Program 2A - Dancing Sun
This assignment is due on Friday 2/2.
Practice with OpenGL, GLSL data, parametric equations, and vectors
The goal of this program is to practice using OpenGL and GLSL in order to simulate a dancing sun. You will need to manage the generation of the geometry to represent a circle, passing the data to the GPU and computations on both the CPU and GPU to create the specific animation and rendering. You will need to apply your knowledge about simple math and vectors to create the specific animation. You will also need to add an additional shader to show mastery of using two different shaders. In general, the vertex shaders will be used to reposition the points and the fragment shader will be used to control render attributes of your program.
Your task is to make a simple simulation of a sun with dancing rays with a gradient coloring on both the background and sun. And example frame is included below as an example and then specific tasks are listed on the following pages.
Two frames of the animation you will create of a dancing sun:
Generate the geometry to represent a circle. Using the paramtric equation for a circle in 2D, generate at least 80 sample points (vertices) around the exterior of a circle. These vertices should be packed into an array on the CPU as:
[x0, y0, z0, x1, y1, z1, …., xn, yn, zn]
make sure to include a vertex for the center of the circle as well, as you will need to then form triangles (like a pizza). You will then also need to fill in an index buffer object which specifies which vertices are connected together to make a triangle. This CPU data, needs to then be passed to the GPU as a vertex buffer object and index buffer object. For example see below.
Create vertices and indices and fill in a VBO and IBO for a circle with an arbitrary number of vertices using a parametric equation *you cannot use an existing obj – method must be procedural
Next, sample the triangle with at least 80 samples and make every other vertex offset (like a sun).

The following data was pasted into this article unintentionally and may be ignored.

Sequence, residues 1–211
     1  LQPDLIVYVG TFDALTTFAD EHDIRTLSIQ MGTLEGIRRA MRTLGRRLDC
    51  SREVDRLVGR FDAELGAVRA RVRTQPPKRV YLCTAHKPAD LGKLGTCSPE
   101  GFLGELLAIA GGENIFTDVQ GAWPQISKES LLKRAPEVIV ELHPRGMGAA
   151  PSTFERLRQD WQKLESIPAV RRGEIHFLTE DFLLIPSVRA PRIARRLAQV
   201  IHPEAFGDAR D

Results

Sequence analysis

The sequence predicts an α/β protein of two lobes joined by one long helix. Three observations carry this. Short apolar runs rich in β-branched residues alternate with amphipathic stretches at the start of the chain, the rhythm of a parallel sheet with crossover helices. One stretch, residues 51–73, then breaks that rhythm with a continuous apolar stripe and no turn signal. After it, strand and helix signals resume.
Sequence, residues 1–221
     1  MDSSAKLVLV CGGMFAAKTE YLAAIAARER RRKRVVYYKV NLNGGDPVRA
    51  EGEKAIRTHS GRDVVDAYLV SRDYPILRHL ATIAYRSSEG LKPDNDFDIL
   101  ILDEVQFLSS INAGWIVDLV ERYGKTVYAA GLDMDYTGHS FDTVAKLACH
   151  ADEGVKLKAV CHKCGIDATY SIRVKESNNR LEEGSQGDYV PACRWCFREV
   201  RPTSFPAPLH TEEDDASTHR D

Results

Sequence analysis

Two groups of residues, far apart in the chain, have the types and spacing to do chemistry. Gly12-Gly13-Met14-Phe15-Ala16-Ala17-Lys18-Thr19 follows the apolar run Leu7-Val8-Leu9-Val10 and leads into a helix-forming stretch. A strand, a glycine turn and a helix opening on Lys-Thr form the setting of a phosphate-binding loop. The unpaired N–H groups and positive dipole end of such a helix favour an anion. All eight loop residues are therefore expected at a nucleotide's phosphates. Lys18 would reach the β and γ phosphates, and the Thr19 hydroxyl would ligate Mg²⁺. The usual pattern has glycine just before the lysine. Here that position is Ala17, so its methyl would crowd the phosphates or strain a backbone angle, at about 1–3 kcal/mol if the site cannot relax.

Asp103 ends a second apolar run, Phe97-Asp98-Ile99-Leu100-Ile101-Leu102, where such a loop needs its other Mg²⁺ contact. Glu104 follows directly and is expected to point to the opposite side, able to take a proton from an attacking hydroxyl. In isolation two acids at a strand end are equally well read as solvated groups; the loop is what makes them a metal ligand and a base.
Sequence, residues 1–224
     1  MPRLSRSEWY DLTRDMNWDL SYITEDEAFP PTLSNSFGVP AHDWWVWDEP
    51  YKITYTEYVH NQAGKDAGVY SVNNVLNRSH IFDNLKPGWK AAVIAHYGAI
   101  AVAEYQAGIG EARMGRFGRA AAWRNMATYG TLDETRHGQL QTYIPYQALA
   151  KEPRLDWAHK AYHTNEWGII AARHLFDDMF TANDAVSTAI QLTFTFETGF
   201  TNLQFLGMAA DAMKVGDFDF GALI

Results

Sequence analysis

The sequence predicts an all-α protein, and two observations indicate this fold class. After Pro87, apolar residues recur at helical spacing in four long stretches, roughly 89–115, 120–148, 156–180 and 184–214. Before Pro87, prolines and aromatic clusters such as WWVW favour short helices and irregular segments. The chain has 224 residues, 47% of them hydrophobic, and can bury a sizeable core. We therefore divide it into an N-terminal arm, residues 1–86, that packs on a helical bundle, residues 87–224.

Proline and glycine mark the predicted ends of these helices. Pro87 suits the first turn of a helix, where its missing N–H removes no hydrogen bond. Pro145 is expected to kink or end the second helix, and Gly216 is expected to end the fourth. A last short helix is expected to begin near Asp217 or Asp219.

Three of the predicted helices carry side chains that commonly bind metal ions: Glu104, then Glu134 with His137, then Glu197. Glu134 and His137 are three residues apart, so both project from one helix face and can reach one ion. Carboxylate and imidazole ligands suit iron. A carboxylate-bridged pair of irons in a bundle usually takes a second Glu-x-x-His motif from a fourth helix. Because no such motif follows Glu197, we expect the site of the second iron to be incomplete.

In the vertex shader write code to update the vertices positions based on moving in or out from the center of the circle for each vertex
You will need to think about this carefully and add enough data and
computation to the vertex shader to update where the points draw.
Note that the data in the buffer will not actually change, you will just
modify the position sent to
gl_Position using a vector to represent
the direction of travel and a coefficient to represent how far to travel
along that vector in order to achieve the desired animation.
Next animate the vertices to move in and out over time two frames shown here – this frame shows the rays in a very spikey mode
Another frame of the animation showing the rays in a less spikey mode
Finally modify the fragment shader in order to make the rendering of your
animation more interesting (read about
gl_FragCoord). You must do several
- Decide on a radius beyond which the rays will draw as a different color then the center
- Draw the center and the fragments along the ray as a gradient
- Create a large “background” polygon that when rasterized has each of its fragments colored based on where that fragment is relative to the center
- Optional: Play with transparency to have the colors of the background and foreground blend together in a pleasing way
Some general comments:
- Consider choosing colors that look good together. Use Abode Kuler to choose colors. Or Paletton.
- You will likely need to use a uniform variable to represent time, which changes for every frame.
- You will need to set up two different shaders (each with a pair, vertex and fragment shader) – one for the sun and one for the large quad in the background – this is good practice for later on when you will want different shaders for different elements in your scene.
- You will need to figure out how to complete this assignment using the math we learn. Enjoy the puzzle.
- For those with retina displays – you will need to make sure your program
works on the lab machines. This means you will likely also need to specify
uniforms for width and height. As
gl_FragCoordwill be relative to your retina display (and thus too large/out of bounds on the lab machines).
- For debugging your triangulation, you may want to use
glDrawElements(GL_LINE_STRIP, ...instead of
Percentage point break down:
- 20% correct generation of vertices and indices for the sun shape
- 30% working animation of sun
- 15% rendering effects for background
- 20% rendering effects on the sun
- 15% general sanity of your code and program execution